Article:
Use your CNC router, and a little wood stain, to turn pictures into engravings. The process produces a tintype appearance.
The original image
This can be done with any picture, but higher contrast works better. This image would work, but it’s a little busy. It has too much background.
Handling the image in VCarve Pro
VCarve Pro version 10 includes Photo VCarve. If you don’t have that version you can also get Photo VCarve as a piece of standalone software. The standalone software can also be used to create lithophanes. The version included with VCarve Pro cannot be used for lithophanes.
Create a new job in VCarve Pro, providing the dimensions of your material. Close grained, light colored, wood like maple works best for this process.
Drag the image onto the workspace and size it.
Open the toolpath menu and locate the Photo VCarve icon.
With the image selected, choose the bit, a 60-degree V-bit works well, and set the other parameters as shown here. These numbers provide a good starting point, but it’s worth trying different V-bits and different settings to see how your image cuts. Changing depth of cut by as little as .010” can have a significant effect on the look.
Use Preview Toolpath to check the result. Set up a Profile toolpath or other cuts as needed for your project and save the toolpath to a flash drive.
Making the cuts
Mount the material on your CNC router, install the router bit and zero the X, Y and Z axes. Start the toolpath.
There’s no contrast at this point in the process, so the image won’t look like much. Don’t panic. It’ll get better.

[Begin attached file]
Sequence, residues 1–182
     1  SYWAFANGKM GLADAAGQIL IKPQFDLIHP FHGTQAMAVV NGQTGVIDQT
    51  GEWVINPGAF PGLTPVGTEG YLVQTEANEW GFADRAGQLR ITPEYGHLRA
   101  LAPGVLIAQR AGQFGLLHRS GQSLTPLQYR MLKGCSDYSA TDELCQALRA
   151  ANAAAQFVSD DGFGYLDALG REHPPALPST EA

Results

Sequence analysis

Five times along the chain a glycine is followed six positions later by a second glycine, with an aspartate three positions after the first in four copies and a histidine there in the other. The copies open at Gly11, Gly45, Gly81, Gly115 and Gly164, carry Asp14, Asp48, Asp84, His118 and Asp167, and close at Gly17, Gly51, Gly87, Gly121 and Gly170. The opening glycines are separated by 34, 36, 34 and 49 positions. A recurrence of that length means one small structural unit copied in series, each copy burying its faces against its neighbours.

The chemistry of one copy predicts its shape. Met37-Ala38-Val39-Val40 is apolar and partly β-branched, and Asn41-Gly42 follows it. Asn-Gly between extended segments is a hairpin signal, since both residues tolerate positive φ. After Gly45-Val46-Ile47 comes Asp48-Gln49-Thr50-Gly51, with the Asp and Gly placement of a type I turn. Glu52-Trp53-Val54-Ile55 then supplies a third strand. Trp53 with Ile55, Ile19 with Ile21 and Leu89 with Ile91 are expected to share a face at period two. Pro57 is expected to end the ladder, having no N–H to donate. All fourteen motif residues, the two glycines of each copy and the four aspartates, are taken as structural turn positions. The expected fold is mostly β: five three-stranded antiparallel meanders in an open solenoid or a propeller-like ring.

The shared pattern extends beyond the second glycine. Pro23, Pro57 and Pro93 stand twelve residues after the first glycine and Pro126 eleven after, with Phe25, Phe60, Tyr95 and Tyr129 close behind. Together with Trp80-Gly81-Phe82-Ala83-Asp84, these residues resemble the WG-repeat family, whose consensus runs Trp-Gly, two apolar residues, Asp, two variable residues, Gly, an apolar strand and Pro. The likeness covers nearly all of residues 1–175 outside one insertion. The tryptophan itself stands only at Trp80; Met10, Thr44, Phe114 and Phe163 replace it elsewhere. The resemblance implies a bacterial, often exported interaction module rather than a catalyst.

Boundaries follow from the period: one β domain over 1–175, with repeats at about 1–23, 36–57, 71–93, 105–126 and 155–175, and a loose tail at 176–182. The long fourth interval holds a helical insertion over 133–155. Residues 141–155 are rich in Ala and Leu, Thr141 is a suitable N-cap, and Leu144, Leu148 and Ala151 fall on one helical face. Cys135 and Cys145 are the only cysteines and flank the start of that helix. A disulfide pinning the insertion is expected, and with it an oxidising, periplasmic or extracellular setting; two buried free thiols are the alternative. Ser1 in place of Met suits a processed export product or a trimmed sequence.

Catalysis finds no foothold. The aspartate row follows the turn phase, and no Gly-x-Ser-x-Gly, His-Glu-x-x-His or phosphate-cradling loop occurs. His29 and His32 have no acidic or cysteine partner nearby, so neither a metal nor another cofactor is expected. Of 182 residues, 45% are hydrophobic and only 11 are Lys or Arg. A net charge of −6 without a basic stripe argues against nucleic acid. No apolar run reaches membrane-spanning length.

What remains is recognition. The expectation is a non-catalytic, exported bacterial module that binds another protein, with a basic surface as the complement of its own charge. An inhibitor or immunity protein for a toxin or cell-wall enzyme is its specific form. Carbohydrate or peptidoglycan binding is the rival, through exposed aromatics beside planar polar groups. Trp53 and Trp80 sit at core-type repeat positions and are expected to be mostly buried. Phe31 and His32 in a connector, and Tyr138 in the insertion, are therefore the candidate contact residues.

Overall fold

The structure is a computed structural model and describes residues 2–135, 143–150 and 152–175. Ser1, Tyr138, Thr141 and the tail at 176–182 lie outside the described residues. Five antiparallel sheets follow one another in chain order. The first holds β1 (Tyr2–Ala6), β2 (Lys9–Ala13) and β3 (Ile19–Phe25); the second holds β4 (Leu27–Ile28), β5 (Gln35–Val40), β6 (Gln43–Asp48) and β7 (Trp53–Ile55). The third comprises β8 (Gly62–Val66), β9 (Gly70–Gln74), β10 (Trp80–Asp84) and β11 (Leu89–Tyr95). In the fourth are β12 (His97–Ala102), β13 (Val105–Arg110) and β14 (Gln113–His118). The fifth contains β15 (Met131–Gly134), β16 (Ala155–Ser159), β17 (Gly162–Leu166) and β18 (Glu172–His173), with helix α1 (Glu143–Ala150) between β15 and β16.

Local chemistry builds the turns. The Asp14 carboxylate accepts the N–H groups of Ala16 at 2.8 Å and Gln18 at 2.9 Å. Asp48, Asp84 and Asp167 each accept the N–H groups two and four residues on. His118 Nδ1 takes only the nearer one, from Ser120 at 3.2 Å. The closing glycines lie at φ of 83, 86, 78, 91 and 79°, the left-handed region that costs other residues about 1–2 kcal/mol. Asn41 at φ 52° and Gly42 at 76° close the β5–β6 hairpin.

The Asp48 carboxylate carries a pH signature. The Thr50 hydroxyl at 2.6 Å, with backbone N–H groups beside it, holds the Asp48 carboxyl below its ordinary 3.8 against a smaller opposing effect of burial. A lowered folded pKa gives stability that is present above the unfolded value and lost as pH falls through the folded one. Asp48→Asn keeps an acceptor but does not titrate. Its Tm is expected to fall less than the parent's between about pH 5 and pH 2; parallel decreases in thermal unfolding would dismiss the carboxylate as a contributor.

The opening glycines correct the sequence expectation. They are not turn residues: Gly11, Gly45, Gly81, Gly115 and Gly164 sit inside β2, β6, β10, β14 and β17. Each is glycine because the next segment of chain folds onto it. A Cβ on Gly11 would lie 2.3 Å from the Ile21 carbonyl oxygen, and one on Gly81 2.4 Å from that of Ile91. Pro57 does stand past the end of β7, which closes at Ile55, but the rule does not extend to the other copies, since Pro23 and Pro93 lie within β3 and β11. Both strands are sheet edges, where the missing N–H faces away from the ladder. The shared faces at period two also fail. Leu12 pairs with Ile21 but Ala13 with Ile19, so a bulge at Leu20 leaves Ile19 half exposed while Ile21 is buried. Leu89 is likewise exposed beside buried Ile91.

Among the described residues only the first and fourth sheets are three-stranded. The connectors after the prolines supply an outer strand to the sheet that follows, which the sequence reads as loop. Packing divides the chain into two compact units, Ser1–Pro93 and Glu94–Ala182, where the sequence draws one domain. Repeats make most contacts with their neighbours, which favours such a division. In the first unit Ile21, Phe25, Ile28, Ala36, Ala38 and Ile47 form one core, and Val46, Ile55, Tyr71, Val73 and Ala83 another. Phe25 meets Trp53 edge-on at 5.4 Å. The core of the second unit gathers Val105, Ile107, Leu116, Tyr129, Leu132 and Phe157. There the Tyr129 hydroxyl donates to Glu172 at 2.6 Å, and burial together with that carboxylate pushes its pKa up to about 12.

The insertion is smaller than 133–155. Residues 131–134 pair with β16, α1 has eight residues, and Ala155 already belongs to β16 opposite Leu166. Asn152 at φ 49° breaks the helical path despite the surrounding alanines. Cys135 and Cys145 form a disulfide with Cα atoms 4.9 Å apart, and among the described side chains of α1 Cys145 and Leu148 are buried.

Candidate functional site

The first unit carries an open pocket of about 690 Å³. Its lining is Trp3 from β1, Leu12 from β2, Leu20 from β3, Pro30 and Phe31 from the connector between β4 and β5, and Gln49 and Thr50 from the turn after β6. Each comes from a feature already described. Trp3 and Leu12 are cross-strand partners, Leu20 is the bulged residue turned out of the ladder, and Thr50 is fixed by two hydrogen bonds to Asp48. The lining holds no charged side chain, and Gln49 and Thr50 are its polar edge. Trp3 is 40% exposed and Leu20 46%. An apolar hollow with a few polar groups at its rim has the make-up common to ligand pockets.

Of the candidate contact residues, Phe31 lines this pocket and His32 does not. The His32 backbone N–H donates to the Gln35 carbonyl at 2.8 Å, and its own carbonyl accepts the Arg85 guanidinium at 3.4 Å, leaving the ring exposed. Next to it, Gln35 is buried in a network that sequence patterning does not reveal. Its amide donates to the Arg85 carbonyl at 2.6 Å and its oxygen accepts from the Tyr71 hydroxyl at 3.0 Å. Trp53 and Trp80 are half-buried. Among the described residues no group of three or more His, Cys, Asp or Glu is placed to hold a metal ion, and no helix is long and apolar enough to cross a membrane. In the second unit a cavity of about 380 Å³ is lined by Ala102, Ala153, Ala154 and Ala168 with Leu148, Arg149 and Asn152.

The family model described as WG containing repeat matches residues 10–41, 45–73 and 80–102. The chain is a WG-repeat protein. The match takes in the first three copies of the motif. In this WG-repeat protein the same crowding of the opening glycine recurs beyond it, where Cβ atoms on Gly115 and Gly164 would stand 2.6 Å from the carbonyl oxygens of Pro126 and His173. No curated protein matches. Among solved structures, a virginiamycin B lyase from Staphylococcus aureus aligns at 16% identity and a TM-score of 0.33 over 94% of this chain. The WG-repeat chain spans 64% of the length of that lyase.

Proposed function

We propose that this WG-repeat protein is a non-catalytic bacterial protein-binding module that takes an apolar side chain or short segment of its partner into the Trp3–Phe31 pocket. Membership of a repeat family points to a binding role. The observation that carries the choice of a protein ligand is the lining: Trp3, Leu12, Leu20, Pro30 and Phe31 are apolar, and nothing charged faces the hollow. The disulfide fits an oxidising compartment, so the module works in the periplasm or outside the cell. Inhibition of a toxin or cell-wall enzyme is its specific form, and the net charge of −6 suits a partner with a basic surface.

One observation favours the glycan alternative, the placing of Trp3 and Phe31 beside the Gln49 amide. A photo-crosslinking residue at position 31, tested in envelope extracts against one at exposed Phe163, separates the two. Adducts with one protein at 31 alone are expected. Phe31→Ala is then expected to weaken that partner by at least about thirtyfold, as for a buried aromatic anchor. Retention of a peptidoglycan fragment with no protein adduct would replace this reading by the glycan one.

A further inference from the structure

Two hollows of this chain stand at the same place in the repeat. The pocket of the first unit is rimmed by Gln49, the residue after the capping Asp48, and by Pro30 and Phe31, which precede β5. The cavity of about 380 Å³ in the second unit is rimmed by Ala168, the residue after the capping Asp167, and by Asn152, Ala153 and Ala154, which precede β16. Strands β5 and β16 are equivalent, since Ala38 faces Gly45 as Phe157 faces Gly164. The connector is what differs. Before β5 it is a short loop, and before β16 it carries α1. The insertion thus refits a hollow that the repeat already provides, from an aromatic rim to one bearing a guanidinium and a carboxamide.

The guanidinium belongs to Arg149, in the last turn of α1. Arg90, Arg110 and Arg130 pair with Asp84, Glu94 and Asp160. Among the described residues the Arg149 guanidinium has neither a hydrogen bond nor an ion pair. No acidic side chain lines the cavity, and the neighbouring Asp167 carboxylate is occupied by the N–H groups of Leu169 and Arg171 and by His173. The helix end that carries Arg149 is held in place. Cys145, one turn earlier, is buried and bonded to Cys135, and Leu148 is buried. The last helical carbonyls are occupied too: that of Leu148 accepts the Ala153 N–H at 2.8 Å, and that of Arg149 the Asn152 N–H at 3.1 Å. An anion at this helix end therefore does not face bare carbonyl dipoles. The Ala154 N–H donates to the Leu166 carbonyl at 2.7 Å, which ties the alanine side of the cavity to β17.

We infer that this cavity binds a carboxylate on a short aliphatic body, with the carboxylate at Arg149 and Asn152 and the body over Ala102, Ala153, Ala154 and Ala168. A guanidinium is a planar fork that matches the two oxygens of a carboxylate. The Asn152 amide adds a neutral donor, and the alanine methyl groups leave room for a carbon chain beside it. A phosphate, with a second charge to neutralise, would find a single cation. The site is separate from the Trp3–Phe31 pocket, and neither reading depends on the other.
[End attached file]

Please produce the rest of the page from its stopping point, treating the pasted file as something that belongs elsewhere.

Swap bits and make other cuts required for the project. Remember to re-zero the Z axis when you change bits.
Staining and sanding
At this point you can begin to see the image, but it’s ghosted. If you’re happy with how the image looks at this point, you can be done.
Adding stain will give the image greater contrast. Use a brush to apply the stain so you can work it into the V-grooves. Brush in the same direction as the grooves, 22.5-degrees in this case.
Allow the stain to dry and sand the surface with 150-grit sandpaper. The image will appear.
Know when to stop. If you over sand the piece it’s possible to remove all or nearly all the stain, and there won’t be any contrast or image remaining.
Apply a topcoat. A gloss or semi-gloss topcoat often further deepens and enhances the look of the image.
This is a fun process. Use this article as a starting point and experiment with different bits, settings, material, stain and topcoats to see what kind of result each change gives you.